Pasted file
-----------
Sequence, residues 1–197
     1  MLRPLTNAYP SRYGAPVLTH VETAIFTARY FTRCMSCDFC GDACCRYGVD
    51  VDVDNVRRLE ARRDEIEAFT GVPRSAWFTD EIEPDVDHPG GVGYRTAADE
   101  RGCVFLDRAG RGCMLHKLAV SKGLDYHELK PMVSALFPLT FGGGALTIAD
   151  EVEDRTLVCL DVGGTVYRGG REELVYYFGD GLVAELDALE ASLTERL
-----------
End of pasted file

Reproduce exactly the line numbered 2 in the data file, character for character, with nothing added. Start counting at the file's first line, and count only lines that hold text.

     1  MLRPLTNAYP SRYGAPVLTH VETAIFTARY FTRCMSCDFC GDACCRYGVD